Payment for Ecosystem Services versus ecological reparations: The ‘Green Economy’, litigation and a redistributive eco-debt grant
Authors Khadija Sharife, Patrick Bond
Affiliations: Post-graduate law student, investigative journalist, Africa Fellow at the World Policy Institute, and commissioning editor at the Forum for African Investigative Reporters (FAIR); coordinator of the South African branch of the Environmental Justice Organisations, Trade and Liabilities (EJOLT) initiative, University of KwaZulu-Natal Centre for Civil Society (CCS); School of Built Environment and Development Studies, University of KwaZulu-Natal Centre for Civil Society (CCS)
Source: South African Journal on Human Rights, Volume 29 Issue 1, 2013, p. 144 – 169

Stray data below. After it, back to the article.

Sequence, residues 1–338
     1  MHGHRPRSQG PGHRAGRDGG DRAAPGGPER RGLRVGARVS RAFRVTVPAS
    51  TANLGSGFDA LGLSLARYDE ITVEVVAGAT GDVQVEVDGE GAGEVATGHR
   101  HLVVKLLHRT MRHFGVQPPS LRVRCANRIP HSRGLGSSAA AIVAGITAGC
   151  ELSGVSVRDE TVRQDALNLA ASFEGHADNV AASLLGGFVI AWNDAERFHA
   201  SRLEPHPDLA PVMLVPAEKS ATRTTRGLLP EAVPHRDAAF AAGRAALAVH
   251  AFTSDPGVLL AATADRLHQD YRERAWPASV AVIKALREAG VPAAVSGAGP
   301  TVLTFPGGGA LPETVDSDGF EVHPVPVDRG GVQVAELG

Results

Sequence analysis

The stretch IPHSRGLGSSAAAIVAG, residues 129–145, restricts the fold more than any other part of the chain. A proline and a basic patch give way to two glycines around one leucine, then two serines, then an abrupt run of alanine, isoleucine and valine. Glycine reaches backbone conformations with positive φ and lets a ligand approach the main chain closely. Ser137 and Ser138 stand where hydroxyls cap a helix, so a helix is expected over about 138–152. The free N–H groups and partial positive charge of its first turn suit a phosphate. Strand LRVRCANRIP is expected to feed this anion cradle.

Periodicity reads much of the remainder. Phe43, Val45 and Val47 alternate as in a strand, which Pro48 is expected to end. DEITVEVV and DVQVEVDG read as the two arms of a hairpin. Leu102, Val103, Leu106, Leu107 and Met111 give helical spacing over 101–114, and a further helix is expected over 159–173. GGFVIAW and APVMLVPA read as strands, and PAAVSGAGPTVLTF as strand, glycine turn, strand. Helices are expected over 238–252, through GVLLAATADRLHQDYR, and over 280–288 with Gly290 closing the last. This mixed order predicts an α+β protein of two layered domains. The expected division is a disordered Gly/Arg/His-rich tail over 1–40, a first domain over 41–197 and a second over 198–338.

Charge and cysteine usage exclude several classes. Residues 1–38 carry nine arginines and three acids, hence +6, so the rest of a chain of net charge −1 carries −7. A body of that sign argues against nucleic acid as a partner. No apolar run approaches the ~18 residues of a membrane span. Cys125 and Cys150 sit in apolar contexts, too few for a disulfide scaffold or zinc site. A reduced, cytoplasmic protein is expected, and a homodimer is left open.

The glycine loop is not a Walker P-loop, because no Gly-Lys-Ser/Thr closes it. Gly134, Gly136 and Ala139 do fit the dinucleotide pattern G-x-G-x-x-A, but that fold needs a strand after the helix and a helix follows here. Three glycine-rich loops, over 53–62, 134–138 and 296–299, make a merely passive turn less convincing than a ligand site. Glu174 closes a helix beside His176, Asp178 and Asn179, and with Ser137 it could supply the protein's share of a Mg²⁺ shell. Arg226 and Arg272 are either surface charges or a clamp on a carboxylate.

Since the December 2011 United Nations Framework Convention on Climate Change Conference of the Parties 17 in Durban and the Rio+20 Summit on Sustainable Development, attention has turned to whether the ‘Green Economy’, the concept of ‘natural capital’ and ‘Payment for Ecosystem Services’ together facilitate the management of new environmentally-financialised markets whose aim is to price nature and its pollution, so as to achieve maximally efficient exploitation of resources (an example of which is carbon trading). Alternatively, if there are flaws in such markets, should society instead move towards retributive payments for ‘ecological debt’ based on both ‘loss and damage’ accounting (introduced at the UNFCCC COP18 in Doha) and environmental justice, in order that the valuing of nature is limited to fines for damages and then prohibitions on further pollution. These two countervailing philosophies play out in high-profile projects and pilot social-policy schemes in southern Africa, in ways that will teach the world foundational concepts surrounding ecological reparations.